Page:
Overview

This guide is the second episode in our series on how to teach your Raspberry Pi gesture recognition using a neural network.

Whereas Episode 1 shows you how to train a neural network on a Raspberry Pi to recognize one simple gesture, this guide shows you how to implement a neural network on your Pi that recognizes multiple gestures.

First, you will record a sequence of gestures and manually classify them. The footage is saved as a series of images files directly to a filesystem, which avoids loading to and from memory. These images become your training and validation datasets that you'll use to train a neural network from scratch which we can compare to previously trained models. We will introduce some techniques that help improve the performance of a neural network to perform gesture recognition using larger datasets and in different lighting conditions, and then explain how to deploy your new network with and integrate speech, music, and light control.

This demo video shows the resulting system that can be achieved Here you can see a user’s gestures controlling a lamp, music playback and volume, triggering an audio speech file, and locking/unlocking a PC:


The neural network demonstrated in the video distinguishes between multiple gestures and works across varied lighting conditions and clothing. The neural network runs on a single Raspberry Pi 3 with a connected ZeroCam which is positioned in the corner of the room and out of shot.

The limitations of the simple approach used in Episode 1 were:

  • Restricted data set size - all the images needed to be loaded into RAM before training.
  • Limited sensitivity - the pretrained MobileNet was not well-suited to recognizing gestures that only use a few percent of the pixels or were not in the middle of the frame.

This episode addresses these limitations and outlines the process of designing and training neural networks for a specific task.

Before you begin

Episode 1 introduced gesture recognition using a Raspberry Pi explained some of the fundamental concepts of machine learning. However, you can continue following this guide if you want to skip Episode 1.

This guide assumes some familiarity with Keras and neural network training. This Keras getting started guide gives an overview of the Keras Sequential model.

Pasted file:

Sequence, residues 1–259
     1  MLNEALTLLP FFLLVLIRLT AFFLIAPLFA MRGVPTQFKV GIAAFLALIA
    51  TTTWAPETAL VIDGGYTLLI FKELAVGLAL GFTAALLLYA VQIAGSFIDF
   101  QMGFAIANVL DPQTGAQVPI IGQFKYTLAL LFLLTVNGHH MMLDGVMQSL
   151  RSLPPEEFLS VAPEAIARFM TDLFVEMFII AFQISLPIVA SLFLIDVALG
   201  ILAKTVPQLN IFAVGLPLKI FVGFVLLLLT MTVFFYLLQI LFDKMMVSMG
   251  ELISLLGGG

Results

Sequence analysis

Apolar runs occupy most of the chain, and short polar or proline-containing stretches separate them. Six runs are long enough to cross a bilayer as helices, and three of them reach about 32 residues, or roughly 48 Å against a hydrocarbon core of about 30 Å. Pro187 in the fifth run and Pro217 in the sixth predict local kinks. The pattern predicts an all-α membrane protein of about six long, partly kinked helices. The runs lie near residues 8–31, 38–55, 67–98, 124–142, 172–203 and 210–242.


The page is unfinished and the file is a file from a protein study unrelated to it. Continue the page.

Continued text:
Install TensorFlow 

For a Raspian base install the only dependency that you need to add is TensorFlow from Google’s binaries. First, install some TensorFlow prerequisites by entering the following in the command line:

sudo apt-get install libblas-dev liblapack-dev python-dev libatlas-base-dev gfortran python-setuptools python-h5py  

The exact URL of the current TensorFlow build varies between versions. Go to the TensorFlow Raspberry Pi 3 build page to find the current link:

sudo pip2 install <insert .whl link from the build page here>

Install Arm's training scripts

Download or clone our ML examples repository from GitHub by entering the following on the command line:

git clone https://github.com/ARM-software/ML-examples.git
cd ML-examples/multi-gesture-recognition

These scripts are designed to be easy to understand and modify. Feel free to explore and hack them with your own changes.

  • Advanced information - descriptions of the scripts

    The python source code is designed to be straightforward to follow:

    • preview.py shows the current image from the camera to check it is pointing in the right direction.
    • record.py captures images from the camera and saves them to disk.
    • classify.py gives provides a basic GUI for labelling recorded images.
    • merge.py combines classified images from multiple directories into one directory.
    • validate_split.py seperates 10% of the images in a directory for use as a validation set.
    • train.py loads trains a convolutional neural network to predict classes from images.
    • test.py reports the accuracy of a trained classifier on a particular directory of images.
    • run.py captures images from the camera, classifies them and prints the probabilities of each class.
    • story.py is the script used to drive the live demo, turning lights on and off, playing music and executing remote commands. You will need to modify this to make it work in your environment.
    • camera.py initializes the picamera module and optionally fluctuates the exposure and white balance during recording.

Record data

In Episode 1, images are converted to a list of numpy arrays, which are written to disk at the end of the program. This enables a higher frame rate on low-end Pi Zero hardware, but it limits the number of images that can be stored by the amount of RAM that is available. In this guide, we are going to write out each frame as a PNG (Portable Network Graphic) file.